Rainwater tanks to supplement your mains supply come in a range of sizes, from 200 litres to upwards of 5,000 litres if you’re planning on indoor use as well. How big a tank you need depends on factors like what you’re using it for, how much rain you get on average, and the size of your roof. Tank providers can help you get the right size for your needs.
Water collected from your roof can contain things like dirt and debris, bird and animal droppings, ash and other residues, so it’s generally not suitable for drinking. In an emergency, though, you can drink it if you boil it first or add chlorine – provided your roof doesn’t contain lead-based paint or uncovered lead flashings etc.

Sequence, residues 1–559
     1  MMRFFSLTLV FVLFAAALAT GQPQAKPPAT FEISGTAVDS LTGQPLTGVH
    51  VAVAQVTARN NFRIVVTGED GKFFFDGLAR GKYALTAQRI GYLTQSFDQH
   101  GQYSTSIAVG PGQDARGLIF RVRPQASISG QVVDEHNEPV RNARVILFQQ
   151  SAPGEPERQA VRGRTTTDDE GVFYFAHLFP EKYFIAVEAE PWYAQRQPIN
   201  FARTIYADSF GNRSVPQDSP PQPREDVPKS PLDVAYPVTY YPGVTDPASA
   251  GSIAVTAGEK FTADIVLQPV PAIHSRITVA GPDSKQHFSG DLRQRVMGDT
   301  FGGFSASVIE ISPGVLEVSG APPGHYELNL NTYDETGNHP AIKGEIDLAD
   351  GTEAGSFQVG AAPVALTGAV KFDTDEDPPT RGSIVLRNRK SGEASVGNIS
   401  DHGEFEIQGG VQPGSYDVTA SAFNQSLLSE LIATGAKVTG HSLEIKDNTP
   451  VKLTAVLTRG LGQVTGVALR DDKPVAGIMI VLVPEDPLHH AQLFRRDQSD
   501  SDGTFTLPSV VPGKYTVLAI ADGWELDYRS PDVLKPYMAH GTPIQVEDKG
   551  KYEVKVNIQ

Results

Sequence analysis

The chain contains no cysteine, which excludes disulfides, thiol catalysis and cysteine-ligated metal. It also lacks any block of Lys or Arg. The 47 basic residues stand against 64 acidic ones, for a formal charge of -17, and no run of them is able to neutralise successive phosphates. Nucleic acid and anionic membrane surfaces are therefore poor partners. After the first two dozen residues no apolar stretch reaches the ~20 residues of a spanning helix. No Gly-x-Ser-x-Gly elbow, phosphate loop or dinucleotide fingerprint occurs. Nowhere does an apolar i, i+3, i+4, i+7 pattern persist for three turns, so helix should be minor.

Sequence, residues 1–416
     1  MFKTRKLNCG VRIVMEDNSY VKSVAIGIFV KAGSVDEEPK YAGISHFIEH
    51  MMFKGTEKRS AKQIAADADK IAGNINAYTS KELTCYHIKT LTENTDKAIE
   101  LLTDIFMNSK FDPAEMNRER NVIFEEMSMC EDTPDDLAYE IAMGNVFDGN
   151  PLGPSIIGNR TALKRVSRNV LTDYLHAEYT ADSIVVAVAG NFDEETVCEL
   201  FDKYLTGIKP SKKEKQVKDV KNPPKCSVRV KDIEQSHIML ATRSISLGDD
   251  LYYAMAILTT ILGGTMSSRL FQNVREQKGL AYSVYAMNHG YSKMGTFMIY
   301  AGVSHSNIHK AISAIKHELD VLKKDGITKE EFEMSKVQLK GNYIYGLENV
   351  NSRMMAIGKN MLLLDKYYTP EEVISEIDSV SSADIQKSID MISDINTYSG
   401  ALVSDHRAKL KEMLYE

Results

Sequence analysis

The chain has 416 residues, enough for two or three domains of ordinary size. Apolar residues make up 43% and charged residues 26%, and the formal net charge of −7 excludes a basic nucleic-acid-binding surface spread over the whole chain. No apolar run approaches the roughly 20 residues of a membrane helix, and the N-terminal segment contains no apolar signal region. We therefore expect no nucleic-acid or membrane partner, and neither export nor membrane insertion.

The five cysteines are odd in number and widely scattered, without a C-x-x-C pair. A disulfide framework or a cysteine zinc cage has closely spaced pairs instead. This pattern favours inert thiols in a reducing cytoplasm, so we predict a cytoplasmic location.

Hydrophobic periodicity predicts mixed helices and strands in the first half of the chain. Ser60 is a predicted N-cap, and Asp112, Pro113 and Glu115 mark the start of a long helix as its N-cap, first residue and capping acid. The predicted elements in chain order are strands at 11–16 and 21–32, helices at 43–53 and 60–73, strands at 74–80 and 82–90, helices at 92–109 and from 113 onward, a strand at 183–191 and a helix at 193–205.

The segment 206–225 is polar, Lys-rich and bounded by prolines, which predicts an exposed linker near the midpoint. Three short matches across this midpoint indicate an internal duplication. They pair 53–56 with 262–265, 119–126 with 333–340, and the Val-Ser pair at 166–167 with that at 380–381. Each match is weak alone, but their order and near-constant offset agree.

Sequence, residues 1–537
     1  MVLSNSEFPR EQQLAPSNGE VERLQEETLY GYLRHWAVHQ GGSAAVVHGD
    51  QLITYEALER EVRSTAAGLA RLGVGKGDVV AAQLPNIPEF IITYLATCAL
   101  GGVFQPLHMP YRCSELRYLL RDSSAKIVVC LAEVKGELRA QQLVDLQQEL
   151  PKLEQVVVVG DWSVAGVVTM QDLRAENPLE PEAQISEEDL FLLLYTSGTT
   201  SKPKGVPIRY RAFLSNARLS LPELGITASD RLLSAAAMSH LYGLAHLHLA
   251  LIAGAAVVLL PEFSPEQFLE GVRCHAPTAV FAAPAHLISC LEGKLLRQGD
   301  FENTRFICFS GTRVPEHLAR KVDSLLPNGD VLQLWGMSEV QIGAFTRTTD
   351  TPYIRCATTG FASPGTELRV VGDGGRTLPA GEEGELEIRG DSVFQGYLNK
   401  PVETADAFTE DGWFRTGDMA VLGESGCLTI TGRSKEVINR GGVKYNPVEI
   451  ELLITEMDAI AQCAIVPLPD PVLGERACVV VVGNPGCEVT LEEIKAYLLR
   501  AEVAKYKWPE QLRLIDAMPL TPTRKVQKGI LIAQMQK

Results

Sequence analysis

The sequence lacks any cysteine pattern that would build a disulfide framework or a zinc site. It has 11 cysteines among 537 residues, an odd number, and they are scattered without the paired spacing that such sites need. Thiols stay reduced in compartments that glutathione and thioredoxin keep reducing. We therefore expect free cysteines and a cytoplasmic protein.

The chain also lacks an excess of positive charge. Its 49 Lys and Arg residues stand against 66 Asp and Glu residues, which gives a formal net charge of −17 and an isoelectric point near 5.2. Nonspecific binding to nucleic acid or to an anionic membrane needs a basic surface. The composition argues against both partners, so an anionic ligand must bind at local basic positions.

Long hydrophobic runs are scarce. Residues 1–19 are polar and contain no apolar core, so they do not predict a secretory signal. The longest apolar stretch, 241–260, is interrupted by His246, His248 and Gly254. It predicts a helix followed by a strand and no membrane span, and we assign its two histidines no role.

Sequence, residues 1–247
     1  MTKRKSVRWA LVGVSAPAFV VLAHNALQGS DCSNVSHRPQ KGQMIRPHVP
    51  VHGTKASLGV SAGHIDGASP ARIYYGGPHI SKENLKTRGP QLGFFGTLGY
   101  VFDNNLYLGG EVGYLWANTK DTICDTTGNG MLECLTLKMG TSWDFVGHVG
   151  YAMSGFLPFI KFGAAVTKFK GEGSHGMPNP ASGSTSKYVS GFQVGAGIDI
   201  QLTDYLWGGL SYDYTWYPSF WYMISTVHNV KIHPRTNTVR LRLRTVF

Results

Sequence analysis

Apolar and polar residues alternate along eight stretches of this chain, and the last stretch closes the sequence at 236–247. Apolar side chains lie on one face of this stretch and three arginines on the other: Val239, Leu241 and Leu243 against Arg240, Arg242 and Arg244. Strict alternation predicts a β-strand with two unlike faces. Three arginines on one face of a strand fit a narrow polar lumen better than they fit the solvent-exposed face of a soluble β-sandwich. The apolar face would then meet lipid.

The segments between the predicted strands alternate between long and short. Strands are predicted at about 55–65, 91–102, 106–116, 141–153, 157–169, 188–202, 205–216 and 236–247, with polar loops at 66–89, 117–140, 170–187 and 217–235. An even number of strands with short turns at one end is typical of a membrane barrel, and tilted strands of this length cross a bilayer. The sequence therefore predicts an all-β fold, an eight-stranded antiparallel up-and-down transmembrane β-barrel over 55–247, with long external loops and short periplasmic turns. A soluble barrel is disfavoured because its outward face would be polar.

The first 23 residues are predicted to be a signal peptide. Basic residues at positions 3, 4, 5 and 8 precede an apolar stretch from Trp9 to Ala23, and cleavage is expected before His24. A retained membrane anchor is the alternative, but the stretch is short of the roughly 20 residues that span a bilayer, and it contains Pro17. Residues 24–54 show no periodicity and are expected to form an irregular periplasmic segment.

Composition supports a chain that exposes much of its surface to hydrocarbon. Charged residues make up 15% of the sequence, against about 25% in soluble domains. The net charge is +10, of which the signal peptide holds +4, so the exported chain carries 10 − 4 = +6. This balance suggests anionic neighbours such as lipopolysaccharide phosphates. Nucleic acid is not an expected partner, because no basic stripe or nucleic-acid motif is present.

Homeowners can install smaller tanks themselves e.g. for the garden and outdoor use however check with the provider to ensure they are suitable for your needs (Source: Wellington City Council). If you’re planning to connect a tank to your indoor plumbing, you’ll need a qualified plumber to install it.
While you typically won’t need a building consent if you’re installing a tank for outdoor use, you will if you’re connecting it to your home. Depending on your particular situation there may be other instances where a building or resource consent is required – check with your local council first.
Smaller tanks for outside use typically rely on gravity and have a tap. Raising the tank onto a stand provides easier access. You’ll also need a pump for indoor use.